Why is it so important for so many religions to embrace difference?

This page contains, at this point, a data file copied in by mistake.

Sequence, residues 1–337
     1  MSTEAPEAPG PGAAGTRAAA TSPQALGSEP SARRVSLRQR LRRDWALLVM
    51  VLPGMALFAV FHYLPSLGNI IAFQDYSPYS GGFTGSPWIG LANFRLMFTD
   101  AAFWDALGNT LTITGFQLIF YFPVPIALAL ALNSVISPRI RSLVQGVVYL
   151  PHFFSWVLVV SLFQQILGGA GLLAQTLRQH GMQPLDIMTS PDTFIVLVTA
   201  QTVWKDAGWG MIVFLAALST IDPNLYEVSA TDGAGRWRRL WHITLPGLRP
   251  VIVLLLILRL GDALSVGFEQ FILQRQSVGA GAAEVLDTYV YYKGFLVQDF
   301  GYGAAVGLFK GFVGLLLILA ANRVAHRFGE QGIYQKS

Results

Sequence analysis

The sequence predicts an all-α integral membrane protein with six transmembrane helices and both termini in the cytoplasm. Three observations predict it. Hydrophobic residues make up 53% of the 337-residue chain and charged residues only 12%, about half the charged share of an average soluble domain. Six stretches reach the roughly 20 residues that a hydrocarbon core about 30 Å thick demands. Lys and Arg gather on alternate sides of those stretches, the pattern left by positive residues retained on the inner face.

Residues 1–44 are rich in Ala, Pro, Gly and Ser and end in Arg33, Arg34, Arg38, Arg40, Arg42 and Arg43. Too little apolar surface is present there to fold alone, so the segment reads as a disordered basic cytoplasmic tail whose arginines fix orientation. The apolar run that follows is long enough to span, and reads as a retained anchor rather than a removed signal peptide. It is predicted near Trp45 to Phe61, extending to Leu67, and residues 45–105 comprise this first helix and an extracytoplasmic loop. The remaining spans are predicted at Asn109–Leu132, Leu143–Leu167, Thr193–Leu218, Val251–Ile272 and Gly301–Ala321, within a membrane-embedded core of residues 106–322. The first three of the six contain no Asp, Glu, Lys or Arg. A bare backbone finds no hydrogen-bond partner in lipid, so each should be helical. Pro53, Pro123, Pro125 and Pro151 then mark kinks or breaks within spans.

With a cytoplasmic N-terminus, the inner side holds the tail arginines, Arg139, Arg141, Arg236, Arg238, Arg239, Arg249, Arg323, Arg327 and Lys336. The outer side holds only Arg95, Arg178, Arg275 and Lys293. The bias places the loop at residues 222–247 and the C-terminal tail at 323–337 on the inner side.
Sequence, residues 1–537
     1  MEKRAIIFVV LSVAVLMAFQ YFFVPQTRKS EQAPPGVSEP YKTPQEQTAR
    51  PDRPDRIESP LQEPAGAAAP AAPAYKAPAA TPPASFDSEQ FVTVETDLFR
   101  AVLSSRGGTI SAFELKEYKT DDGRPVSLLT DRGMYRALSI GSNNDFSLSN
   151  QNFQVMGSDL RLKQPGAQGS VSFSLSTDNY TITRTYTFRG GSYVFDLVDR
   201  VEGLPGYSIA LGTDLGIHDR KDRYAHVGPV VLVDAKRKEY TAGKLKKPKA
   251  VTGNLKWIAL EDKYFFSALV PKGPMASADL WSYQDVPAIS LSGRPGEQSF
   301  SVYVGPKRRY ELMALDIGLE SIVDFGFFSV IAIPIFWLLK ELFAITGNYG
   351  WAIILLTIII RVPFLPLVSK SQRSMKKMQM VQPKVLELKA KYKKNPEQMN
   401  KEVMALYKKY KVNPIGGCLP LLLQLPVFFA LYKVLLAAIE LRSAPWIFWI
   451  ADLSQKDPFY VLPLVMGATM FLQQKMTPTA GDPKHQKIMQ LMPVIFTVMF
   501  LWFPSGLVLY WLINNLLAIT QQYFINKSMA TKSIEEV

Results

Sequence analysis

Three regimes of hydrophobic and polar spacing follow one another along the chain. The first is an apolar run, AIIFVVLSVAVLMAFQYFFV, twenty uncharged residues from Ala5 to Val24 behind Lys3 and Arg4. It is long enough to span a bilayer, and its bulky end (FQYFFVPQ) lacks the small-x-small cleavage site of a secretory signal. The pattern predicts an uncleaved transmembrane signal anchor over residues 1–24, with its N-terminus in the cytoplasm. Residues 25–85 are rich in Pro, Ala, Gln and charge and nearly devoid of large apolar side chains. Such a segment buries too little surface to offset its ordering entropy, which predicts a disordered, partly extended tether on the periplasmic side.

For this final critical writing week, let’s look closer at themes we’ve touched on in every religion covered so far: sameness and difference. Like so many gods we’ve examined, the Sikh God (along with the Gurus) emphasizes the sameness or oneness of all beings, regardless of race, gender, or culture. Though Sikhism blends elements of Islam with Hinduism, hundreds of years ago Guru Nanak chose to focus on the similarities. As he famously proclaimed, “There is no Hindu, and there is no Muslim” (p. 138). Gurdwaras were established so all people could eat together regardless of class or religious belief (p. 138). We see this point driven home when the Sikh warrior Bhai Kanhaiya was discovered helping the enemy in the middle of a war. Kanhaiya echoed the Sikh philosophy by pronouncing, “I do not see the other, the foe. I only see that the light in me is in all beings alike and my service is rendered unto that source of life” (p. 140). On the other hand, each religion differentiates itself from other faiths and sometimes other gods, and like all minorities, people from “other” religions often stand out from/as others. In Sikhism, members of the community (khalsa) are encouraged to wear their hair long and braided or bound in a turban. Standing out in this way inspires followers to feel differently than everyone “else.” As one famous Sikh poet said, “People say it is difficult to keep hair, but a life devoid of any source of inspiration is all the more difficult to live” (p. 140). Particularly since Partition Partition (pp. 142-144), when so many Sikhs were displaced in India, Pakistan, and around the world, the theme of feeling like a stranger (as we discussed in Islam) runs deep. As the Canadian author Sikh Shauna Singh Baldwin writes, “One day our children will say, ‘My father came to this country with very little but his turban and my mother learned to work because no one would hire him.’ Then we will have taught Canadians what it takes to wear a turban.” In our first video, we see a PBS (American Public Television) interview with Instagram poet Rupi Kaur. The host flew to Brampton, Ontario to interview her. While Kaur doesn’t speak specifically about Sikhism, we see many of the above themes that come with standing out as a voiceless minority. Kaur says, “I think I just fell in love with the way the mic picks up my voice, and it like boomed throughout the entire space. And for someone that felt voiceless for so long, that was so refreshing” (3.52). Drawing on her family’s immigration to Canada, she seems to relate well to people outside of Sikhism who also feel voiceless. “A lot of the readers are young women who are experiencing really real things, and they’re not able to talk about it with maybe family or other friends, and so they go to this type of poetry to sort of feel understood and to have these conversations” (5.51). In the second video Arjun Singh Bhullar makes a similar point. Just a few months ago, Bhullar because the first Indian Mixed Martial Arts (MMA) champion. In the video he discusses the importance of wearing his turban into the octagon (he doesn’t wear it while fighting). He says, “And it’s not easy, man, being a minority. You’re almost raised to conform. To be like everyone else. You’re different. And it’s hard to sometimes embrace that.” (4.06). Why is it so important for so many religions to embrace difference? How do Sikhs embrace difference? Specifically, explore the religious tension (contradiction?) between wanting to be the same and wanting to be different. The Sikh God seems to want us to “make this body a cage of love, and then talk” (p. 142). What does this mean, and what, specifically, should we talk about?

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